Eye complications caused from or associated with hookworm disease have been known formany years. Rampolid,1 in 1880, first mentioned these changes, and he described a patient, "who passed a great number of eggs in the stools and who only complained of slight asthenopia. The retina was discolored, characteristicof edema of this membrane." Another case in a woman "who died of hydremia caused from this disease, in which there was a true exudative retinitis in each eye." Later, in 1892, the same author describes a case of retinal hemorrhage, and also a case, in a girl of 19, in which he had observed a strabismus which rapidly disappeared when the patient was cured of the hookworm disease.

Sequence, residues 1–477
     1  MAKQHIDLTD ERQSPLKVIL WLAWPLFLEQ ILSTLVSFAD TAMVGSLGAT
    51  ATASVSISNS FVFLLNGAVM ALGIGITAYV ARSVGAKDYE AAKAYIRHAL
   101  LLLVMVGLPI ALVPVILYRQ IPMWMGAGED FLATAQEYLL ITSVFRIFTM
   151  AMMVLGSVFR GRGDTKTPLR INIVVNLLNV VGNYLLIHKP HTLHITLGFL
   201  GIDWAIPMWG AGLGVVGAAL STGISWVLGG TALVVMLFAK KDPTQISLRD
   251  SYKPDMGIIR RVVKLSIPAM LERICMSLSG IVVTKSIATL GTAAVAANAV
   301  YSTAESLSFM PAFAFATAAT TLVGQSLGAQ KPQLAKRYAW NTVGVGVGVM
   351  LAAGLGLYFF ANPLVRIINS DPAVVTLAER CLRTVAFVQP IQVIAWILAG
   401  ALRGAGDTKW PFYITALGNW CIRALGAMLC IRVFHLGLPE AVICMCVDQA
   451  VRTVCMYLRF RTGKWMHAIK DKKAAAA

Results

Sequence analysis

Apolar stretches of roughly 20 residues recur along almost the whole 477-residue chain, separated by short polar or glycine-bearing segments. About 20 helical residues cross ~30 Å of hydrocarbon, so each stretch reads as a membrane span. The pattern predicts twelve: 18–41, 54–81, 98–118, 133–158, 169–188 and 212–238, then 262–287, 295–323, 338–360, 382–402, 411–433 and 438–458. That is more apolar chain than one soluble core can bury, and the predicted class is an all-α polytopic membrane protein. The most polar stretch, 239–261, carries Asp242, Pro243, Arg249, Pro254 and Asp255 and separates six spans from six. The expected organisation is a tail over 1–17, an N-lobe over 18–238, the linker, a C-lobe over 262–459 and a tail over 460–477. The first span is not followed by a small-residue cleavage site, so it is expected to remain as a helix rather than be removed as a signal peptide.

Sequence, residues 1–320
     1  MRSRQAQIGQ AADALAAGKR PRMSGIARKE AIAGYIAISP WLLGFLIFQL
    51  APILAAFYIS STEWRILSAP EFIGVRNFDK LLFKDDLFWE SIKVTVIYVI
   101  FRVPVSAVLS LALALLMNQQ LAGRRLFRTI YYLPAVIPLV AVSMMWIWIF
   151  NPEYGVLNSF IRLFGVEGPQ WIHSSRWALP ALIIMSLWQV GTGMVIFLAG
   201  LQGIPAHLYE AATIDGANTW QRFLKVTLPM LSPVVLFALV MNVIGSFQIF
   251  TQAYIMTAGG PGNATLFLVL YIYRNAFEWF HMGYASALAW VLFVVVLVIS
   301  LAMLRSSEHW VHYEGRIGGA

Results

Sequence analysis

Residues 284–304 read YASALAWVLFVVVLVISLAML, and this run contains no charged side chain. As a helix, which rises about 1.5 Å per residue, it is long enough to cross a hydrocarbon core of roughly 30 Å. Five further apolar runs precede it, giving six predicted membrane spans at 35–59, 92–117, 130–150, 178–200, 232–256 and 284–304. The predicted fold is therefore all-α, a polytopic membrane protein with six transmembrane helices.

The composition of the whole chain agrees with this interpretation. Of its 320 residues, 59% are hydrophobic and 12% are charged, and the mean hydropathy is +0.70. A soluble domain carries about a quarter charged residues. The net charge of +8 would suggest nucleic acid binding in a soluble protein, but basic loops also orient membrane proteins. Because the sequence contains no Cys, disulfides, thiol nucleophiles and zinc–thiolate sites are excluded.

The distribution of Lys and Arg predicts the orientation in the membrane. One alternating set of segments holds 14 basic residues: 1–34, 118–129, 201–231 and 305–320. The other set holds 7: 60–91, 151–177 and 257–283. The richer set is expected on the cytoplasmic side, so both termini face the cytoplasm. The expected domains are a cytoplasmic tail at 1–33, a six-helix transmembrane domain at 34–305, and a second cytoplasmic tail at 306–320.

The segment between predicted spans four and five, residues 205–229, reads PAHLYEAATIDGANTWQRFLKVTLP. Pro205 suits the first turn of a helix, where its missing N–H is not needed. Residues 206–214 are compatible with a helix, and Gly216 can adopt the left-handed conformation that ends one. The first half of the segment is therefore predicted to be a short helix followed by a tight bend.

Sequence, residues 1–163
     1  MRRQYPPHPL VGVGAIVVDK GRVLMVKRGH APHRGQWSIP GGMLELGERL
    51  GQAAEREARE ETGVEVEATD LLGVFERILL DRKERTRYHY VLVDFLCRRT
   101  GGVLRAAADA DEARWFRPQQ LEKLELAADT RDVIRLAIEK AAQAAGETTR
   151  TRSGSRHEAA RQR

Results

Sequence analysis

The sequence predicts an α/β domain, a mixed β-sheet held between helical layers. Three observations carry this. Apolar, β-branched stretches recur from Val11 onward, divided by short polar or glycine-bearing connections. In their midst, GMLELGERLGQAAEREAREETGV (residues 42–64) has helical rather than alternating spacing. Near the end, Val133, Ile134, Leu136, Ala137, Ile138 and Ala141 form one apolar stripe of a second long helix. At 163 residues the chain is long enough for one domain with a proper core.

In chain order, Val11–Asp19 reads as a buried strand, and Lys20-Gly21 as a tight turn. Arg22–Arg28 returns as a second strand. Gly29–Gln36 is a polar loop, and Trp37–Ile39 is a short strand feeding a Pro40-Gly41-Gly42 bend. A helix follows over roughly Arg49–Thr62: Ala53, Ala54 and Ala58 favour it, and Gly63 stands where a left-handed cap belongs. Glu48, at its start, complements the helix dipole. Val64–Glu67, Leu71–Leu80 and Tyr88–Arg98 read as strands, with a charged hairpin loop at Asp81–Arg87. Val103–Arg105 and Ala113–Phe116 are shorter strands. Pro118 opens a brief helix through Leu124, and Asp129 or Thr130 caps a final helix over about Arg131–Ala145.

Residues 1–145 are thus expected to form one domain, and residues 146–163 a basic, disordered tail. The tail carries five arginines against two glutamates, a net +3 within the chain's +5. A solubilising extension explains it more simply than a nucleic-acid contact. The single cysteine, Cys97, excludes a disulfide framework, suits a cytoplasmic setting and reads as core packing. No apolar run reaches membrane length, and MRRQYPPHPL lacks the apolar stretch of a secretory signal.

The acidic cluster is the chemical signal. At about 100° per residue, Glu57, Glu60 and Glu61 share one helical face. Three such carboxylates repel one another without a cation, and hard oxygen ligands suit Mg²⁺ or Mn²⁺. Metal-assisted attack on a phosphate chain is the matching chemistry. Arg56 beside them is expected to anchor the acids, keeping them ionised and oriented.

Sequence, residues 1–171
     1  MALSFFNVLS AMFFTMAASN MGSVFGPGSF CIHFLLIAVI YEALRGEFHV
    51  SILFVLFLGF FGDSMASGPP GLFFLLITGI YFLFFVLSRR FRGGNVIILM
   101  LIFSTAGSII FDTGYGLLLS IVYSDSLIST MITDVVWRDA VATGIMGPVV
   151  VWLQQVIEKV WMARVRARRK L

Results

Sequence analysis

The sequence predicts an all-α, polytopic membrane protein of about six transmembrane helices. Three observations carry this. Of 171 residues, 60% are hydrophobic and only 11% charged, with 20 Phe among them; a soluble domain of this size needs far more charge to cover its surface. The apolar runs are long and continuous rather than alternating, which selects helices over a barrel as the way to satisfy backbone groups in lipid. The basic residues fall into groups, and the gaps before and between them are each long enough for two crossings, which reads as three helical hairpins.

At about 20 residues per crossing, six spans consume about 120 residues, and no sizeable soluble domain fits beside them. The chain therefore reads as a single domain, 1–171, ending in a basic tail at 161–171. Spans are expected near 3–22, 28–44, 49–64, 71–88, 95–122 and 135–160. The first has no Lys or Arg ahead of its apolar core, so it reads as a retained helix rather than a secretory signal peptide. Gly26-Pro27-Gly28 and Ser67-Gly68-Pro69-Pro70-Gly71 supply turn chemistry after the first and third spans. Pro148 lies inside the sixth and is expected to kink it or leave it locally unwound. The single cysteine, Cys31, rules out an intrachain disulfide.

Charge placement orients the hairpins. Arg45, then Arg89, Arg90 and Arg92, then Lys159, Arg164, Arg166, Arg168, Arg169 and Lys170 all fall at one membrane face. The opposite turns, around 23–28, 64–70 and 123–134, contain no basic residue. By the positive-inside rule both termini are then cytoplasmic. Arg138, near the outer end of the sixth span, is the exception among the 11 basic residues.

In my search through the literature of the older writers on the subject of Ankylostoma duodenale or hookworm disease of the Old World, I could find but few references relating to eye-changes, and
CALHOUN FP. EYE COMPLICATIONS CAUSED BY HOOKWORM DISEASE: WITH SPECIAL REFERENCE TO THE FORMATION OF CATARACTS. JAMA. 1912;LIX(12):1075–1079. doi:10.1001/jama.1912.04270090319058
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